Corethrella xokleng, Amaral & Mariano & Pinho, 2019

Amaral, André P., Mariano, Rodolfo & Pinho, Luiz Carlos, 2019, Four new species and some new records of Brazilian frog-biting midges (Diptera Corethrellidae), Zootaxa 4706 (1), pp. 103-120: 110-112

publication ID

publication LSID


persistent identifier

taxon LSID

treatment provided by


scientific name

Corethrella xokleng

sp. n.

Corethrella xokleng   sp. n.

( Figures 3–5 View FIGURE 3 View FIGURE 4 View FIGURE 5 )

Type material. Holotype, male adult, slide mounted: “HOLÓTIPO Corethrella xokleng Amaral, Mariano & Pinho   ♂, Grão Pará, SC, BR, Rio Três Barras #11, S28º12’44” W49º27’28”, 15.XI.2012, light trap, LC Pinho, LS Gomes & AL Schlindwein”, ( MZUSP) GoogleMaps   . Allotype, adult female, slide mounted, as holotype, except: “ALÓTIPO Corethrella xokleng Amaral, Mariano & Pinho   ♀, Rio Braço Esquerdo #17, S28º09’01” W49º21’21”, 16.XI.2012 ” ( MZUSP) GoogleMaps   . Paratype: 1 adult female, slide mounted, as allotype ( UFSC)   .

Etymology. The specific epithet honors the Xokleng people, the original inhabitants of the type location, who have been brutally decimated since the beginning of colonization by those of European extraction in southern Santa Catarina state. The name is to be regarded as a noun in apposition.

Diagnostic characters. This species differs from other extant Corethrella   by the following combination of characters: Adult male: trochanter and base of hind femur paler than apex of femur, 3rd palpal segment clavate (apically expanded), 4 thick setae on frons, empodia thick, with 10 bifid branches. Adult female: Wings and legs uniformly pigmented, head rounded in dorsal view, 3rd palpal segment clavate (apically expanded), four thick setae on frons, empodia thick, with 10 bifid branches.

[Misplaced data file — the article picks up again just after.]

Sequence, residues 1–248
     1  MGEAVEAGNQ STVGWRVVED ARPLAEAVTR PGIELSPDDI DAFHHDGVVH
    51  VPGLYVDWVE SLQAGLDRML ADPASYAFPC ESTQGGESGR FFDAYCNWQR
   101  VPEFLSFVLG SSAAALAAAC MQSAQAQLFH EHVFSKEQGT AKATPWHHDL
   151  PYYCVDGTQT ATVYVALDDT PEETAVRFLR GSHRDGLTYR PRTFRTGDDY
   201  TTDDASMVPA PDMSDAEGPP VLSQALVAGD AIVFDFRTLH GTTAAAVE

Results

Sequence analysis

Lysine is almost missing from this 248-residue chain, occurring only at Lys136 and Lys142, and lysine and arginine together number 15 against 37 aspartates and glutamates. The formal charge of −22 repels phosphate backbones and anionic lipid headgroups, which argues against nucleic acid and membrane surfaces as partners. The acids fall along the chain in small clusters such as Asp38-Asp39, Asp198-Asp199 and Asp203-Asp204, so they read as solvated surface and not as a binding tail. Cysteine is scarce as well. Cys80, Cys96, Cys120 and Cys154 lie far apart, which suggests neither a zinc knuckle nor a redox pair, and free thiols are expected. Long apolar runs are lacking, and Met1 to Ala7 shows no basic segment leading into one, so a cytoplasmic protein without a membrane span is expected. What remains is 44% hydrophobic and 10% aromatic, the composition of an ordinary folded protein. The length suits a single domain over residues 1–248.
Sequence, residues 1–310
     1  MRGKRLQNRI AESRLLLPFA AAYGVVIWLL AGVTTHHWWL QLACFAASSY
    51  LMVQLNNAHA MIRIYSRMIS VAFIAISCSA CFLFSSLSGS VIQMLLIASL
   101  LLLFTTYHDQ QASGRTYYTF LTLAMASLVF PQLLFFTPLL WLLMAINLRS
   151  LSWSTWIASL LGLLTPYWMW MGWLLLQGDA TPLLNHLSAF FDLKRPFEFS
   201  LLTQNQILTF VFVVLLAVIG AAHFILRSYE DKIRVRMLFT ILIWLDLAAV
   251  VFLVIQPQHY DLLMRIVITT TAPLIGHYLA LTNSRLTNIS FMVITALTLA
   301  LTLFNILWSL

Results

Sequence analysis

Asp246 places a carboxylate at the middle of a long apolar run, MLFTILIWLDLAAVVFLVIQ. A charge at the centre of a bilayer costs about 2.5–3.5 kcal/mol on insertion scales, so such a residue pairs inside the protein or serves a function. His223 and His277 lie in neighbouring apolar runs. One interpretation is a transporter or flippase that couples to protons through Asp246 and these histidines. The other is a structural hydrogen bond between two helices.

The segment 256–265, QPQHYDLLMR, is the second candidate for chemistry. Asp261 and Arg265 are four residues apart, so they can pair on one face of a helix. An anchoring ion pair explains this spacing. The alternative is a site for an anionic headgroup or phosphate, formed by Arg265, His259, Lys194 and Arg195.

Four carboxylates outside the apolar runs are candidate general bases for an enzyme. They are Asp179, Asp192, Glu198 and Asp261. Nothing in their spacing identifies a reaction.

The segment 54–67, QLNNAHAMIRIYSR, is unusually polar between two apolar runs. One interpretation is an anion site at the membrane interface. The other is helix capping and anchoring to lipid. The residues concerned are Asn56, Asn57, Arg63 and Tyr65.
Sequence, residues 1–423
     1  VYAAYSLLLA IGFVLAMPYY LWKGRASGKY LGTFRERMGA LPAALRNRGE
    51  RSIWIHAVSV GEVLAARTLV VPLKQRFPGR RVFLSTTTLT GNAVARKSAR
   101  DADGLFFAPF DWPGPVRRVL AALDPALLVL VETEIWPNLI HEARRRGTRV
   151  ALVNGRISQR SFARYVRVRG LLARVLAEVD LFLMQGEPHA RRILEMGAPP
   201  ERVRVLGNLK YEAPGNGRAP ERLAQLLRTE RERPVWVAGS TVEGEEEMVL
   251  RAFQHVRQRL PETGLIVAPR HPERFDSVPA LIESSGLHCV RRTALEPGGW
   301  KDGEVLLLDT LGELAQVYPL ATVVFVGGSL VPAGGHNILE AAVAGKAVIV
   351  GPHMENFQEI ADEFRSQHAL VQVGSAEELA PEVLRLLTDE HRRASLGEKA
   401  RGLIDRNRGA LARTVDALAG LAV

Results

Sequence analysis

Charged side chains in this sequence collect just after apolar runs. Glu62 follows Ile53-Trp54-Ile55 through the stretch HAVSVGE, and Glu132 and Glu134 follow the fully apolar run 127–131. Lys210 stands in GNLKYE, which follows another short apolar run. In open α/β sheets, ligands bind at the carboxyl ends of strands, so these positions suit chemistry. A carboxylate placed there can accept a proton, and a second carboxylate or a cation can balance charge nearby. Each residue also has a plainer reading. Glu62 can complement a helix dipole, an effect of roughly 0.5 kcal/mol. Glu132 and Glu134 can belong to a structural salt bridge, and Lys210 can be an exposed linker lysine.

Description. Adult male (n=1). ( Tables 1 View TABLE 1 , 2 View TABLE 2 , Figs. 3 View FIGURE 3 , 4 View FIGURE 4 A–D)

Head ( Fig. 3A View FIGURE 3 ). Rounded in anterior view. Coronal suture long, reaching ventral margin of eye bridge. Four parallel thick setae on frons. Palpus ( Fig. 4A View FIGURE 4 ) medium brown, with 3rd segment somewhat expanded apically, 5 th segment with about double the length of 4th. Clypeus ( Fig. 4B View FIGURE 4 ) square with three setae on dorsal surface. Antenna (as in Fig. 4H View FIGURE 4 ) brown with flagellomere 13 apically bifurcated. Sensilla coeloconica distributed according to table 1.

Thorax ( Fig. 3B View FIGURE 3 ). Light to medium brown, with mesonotum darker, anepimeron with one seta, pale with central portion more darkly pigmented. Posterior anepisternum with incomplete diagonal suture at ventral margin. Anterior anepisternum divided in half by transversal suture. Prescutal suture long, almost reaching dorsocentral row of setae. Group of five setae on posterior portion of dorsocentral row. Katepisternum pale around ventral margin.

Wings (as in Fig. 3B View FIGURE 3 ). Plain brown, with setae instead of scales on non-marginal veins. Vein R 1 somewhat bolder. Apex of R 2 basal to the one of M 1. Halter slightly lighter or same color than scutellum.